UBC Undergraduate Research

A8-3 Model Rocket Impulse Measurement Haw, Magnus May 11, 2009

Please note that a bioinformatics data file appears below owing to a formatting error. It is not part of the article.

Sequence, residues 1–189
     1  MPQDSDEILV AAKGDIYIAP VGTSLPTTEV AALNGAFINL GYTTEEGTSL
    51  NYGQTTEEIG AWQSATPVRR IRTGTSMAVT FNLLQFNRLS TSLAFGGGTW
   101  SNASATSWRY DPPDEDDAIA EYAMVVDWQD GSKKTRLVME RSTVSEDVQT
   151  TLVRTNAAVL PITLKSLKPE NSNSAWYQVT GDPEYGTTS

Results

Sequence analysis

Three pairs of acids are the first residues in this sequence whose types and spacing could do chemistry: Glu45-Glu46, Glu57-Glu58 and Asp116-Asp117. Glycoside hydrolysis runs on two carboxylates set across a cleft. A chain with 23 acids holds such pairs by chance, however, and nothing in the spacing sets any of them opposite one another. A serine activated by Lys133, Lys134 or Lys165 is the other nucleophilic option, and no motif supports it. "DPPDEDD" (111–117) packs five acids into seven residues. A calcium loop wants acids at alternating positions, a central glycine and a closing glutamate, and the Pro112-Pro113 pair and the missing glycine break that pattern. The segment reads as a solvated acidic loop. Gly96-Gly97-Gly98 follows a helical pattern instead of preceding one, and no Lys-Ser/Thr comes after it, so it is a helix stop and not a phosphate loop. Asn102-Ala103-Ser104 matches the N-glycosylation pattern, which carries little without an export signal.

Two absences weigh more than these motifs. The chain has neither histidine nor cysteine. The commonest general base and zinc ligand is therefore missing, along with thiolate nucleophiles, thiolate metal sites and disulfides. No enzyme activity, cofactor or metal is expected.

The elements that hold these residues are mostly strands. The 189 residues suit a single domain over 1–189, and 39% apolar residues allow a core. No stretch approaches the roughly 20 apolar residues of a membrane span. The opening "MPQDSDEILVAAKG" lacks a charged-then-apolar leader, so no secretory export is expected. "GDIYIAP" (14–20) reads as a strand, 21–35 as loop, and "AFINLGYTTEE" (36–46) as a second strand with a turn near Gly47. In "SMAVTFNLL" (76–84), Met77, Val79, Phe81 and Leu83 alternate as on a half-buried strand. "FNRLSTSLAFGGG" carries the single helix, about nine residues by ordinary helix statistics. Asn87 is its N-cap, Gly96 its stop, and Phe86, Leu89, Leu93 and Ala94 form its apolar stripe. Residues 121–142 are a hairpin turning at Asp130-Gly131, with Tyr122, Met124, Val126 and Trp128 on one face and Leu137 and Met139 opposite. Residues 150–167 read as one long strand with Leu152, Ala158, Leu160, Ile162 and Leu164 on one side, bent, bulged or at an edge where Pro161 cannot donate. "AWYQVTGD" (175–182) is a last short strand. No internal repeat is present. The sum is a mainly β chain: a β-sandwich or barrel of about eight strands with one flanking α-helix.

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A8-3 Model Rocket Impulse Measurement Magnus Haw Science One 2008-09 May 10, 2009 Abstract An experiment was performed to measure the impulse of the A8-3 Estes model rocket engine. The measurements were obtained by mounting an engine vertically onto a frame and measuring the changing weight of the assembly during the firing period for six trials. Thrust was calculated by the difference in measured weight from the rest weight while accounting for the mass loss rate. The impulse of each of the six thrust curves was averaged to find the final impulse measurement: 2.36 ± .16 N-s. Estimates of the average thrust and exhaust velocity were also calculated from the impulse measurement.  1  Introduction  The purpose of this experiment is to measure the impulse of an A8-3 rocket engine. The impulse for a rocket engine, Ir , is defined as: tf  Ir =  T (t)dt = ∆p  (1)  0  where T (t) is the thrust of the rocket, tf is the thrust duration, and ∆p is the change in momentum. The impulse is important because it gives a normalized value for the launch capacity of the rocket and is used to classify rockets into different ranks (A, B, C class etc. with A class being the least powerful). Since the change in momentum cannot be measured directly, this experiment found the impulse by measuring the thrust of the engine as a function of time. The thrust is the force (generated by mass outflux from the engine) that the engine exerts on the rocket. The equation for thrust is derived in Equations 2-5. Given m & v are the rocket mass and velocity and m’ & v’ are the exhaust mass and exhaust velocity: d d dp = (mv) + (m v ) = 0 dt dt dt dv dv dm dm 0=m +v +m +v . dt dt dt dt Since the exhaust experiences no acceleration after being vented, because the total mass of the rocket/exhaust system is conserved: 1  (2) (3) dv dt  = 0 and  dm dt  = − dm dt  dm dv = (v − v) dt dt dm T (t) = − u dt  (4)  m  (5)  where u is the velocity of the exhaust relative to the rocket [3]. This experiment seeks to measure thrust by measuring the changing weight during the thrusting period. To find T(t), the rest weight is subtracted from the measured weight (Equation 6). T (ti ) = W (ti ) − M (ti ) ∗ g.  (6)  The mass loss rate must also be modeled because it changes the rest mass of the rocket; however, since the burn time is so short (0.8 s) and the mass loss rate is quite small (4 g/s), this experiment uses a linear approximation for M(t) (Equation 7). M (t) = M0 −  ∆Mmax ∗ t. tf  After finding T (ti ), the general expression for the impulse Ir at a sample rate  (7) 1 ∆t  is:  tf  Ir ≈  [W (ti ) − M (ti ) ∗ g] ∆t 0  Figure 1: Vertical and Horizontal Frames: These photos show the vertical and horizontal frame structures, respectively. The image on the left shows the vertical frame (20x20x30 cm) and the pre-ignition setup (Trial 6). The photo on the right shows the horizontal frame (10x20x20cm) during ignition (Trial 5).  2  2  Methods  This experiment measured the thrust of the A8-3 model rocket engine by securing rockets to a frame and measuring the weight of the rocket-frame system during ignition. The support frame was constructed out of half-inch pvc pipe with angle braces mounted on the top to secure the engine (see Figure 1). For each trial, the engine would be mounted onto the frame with screws via the angle braces and adjusted until the nozzle was pointed vertically upward. Then the system would be placed on the digital scale and the rocket would be fired. A digital camera was set up to record the scale display values. This procedure was repeated for seven vertical trials and two horizontal trials. The horizontal trials used a different frame configuration (see Figure 1) with the rocket set up horizontally and were designed to measure the mass loss rate of the rocket. However, due to the induced torques on the frame, this setup was unable to measure the mass loss rate. The first vertical trial also failed because the camera was incorrectly set up. Additionally, the frame rate of the digital camera was tested against WWV time (standard time) to determine whether the factory value (15 hz) was accurate. This was done by using the camera to record WWV time over 15 minutes and comparing the two elapsed times.  3 3.1  Results and Discussion Thrust as a function of time  The data extracted from the six usable vertical trials (2, 3, 6, 7, 8, & 9) was reduced according to Equation 6 to calculate the thrust over time (Figure 2). The general shape of the thrust curve is a smoothed peak skewed right. The maximum thrust recorded was 5.92 N at a time of 0.4 s and the thrust duration, tf , is 1.00 s. These curves differ from previously measured A8-3 thrust curves in that they do not have a region of constant thrust after the initial peak [1]. Additionally, the peak thrust is significantly less (6 N versus 10 N) and occurs at a different time (0.4 s versus 0.2 s). Furthermore, the thrust duration (tf ) is longer than previous measurements (1.0 s versus 0.7 s) [1]. This difference may be caused by the response time of the scale’s digital display and the sampling rate. Several distinct sources of error affect these measurements: scale error, non-vertical component error, timing error and extraction error. The extraction error is the main source of error and is the uncertainty associated with reading the values on the scale display. The display changed so quickly that the previous values would not have fully faded by the next video frame. This problem created multiple number overlaps for the ones digit making it difficult or impossible to identify the actual value. Since the ones digit was highly uncertain the extraction error added an uncertainty of ± 9 grams. The timing error analysis comparing the camera time and WWV found that the camera takes 14.98991 frames/s compared to the product value of 15.0 frames/s; over the thrust period this difference is negligible (< .1% error). The other errors: scale error (<1% error) and the non-vertical component relative error(<0.1%) were also negligible in comparison to the extraction error. Summing these errors in quadrature gives a total relative error of 3.3% for each data point (Figure 2).  3  Rocket Thrust as a Function of Time 7  6  Thrust (N)  5  4  Trial Trial Trial Trial Trial Trial  3  2  2 3 6 7 8 9  1  0 0  0.2  0.4  0.6  0.8  1  1.2  1.4  1.6  1.8  2  time (s)  Figure 2: Thrust Measurement: All curves except Trial 9 follow the same trend. The error bars represent 3.3% error. The uncertainty in timing is insignificant (< 10−4 s/frame) and is not shown.  3.2  Impulse Measurement  The impulse of each trial was calculated using finite difference approximation (midpoint rule). The individual impulses and the 95% confidence interval are shown in the following table. Impulse Data Trial 2 Trial 3 Trial 6 Trial 7 Trial 8 Trial 9 Average Impulse 95% error bars  Impulse (N-s) 2.29 2.48 2.33 2.61 2.46 2.01 2.36 ± 0.16  The confidence interval for this measurement encompasses both the factory value (2.5 N-s) and the value from T.Dooling (2.32 N-s) [1,2]. This demonstrates that both the mean impulse and the error are not unreasonable measurements because they agree with previous values. Given this agreement and the small relative error (7%), it can be concluded that the method used in this experiment is adequate for measuring the impulse of a model rocket engine.  4  3.3  Average Thrust and Exhaust Velocity  The average thrust of the engine is simply the impulse divided by the thrust duration: s Tavg = 2.36N = 2.36N . Additionally, an order of magnitude approximation for the exhaust 1.00s velocity can be obtained from this experiment by combining Equations 1 and 4. Assuming that the relative exhaust velocity, u, is constant and using the average propellant mass, ∆m = 3.6 g: tf  −u ∗ 0  dm dt = Ir dt I |u| = ≈ 650m/s ∆m  (8) (9)  The fact that the exhaust velocity of a hobby rocket is almost twice the speed of sound gives one an appreciation of the physics involved in a rocket engine.  4  Conclusion  This measurement (2.36 ± .16 N-s) is a good estimate of the impulse of an A8-3 Estes rocket. If higher accuracy is needed, the most efficient way to reduce experimental error is to incorporate a data logger into the scale. This would increase the sample rate and remove the extraction error. This improvement might allow a conclusion to be drawn on which impulse value, Estes (2.5 N-s) or T. Dooling (2.32 N-s), is more accurate [1,2]. However, since the engines have a significant population variation in impulse (± .25 N-s), as measured by Estes, this could prove an unnecessary expenditure; additionally, measurement of higher powered engines would require significantly better equipment [2].  5  References  [1] Dooling, T.A. An Eight-Parameter Function for Simulating Model Rocket Engine Thrust Curves. Phys. Teach. 45, 280- 283 (2007). [2] Estes Industries. Model Rocket Engine and Igniter Instructions. (2009). [3] Nelson, R.A., Wilson, M.E. Mathematical Analysis of a Model Rocket Trajectory Part I: The powered phase. Phys. Teach. 14, 150- 161 (1976).  5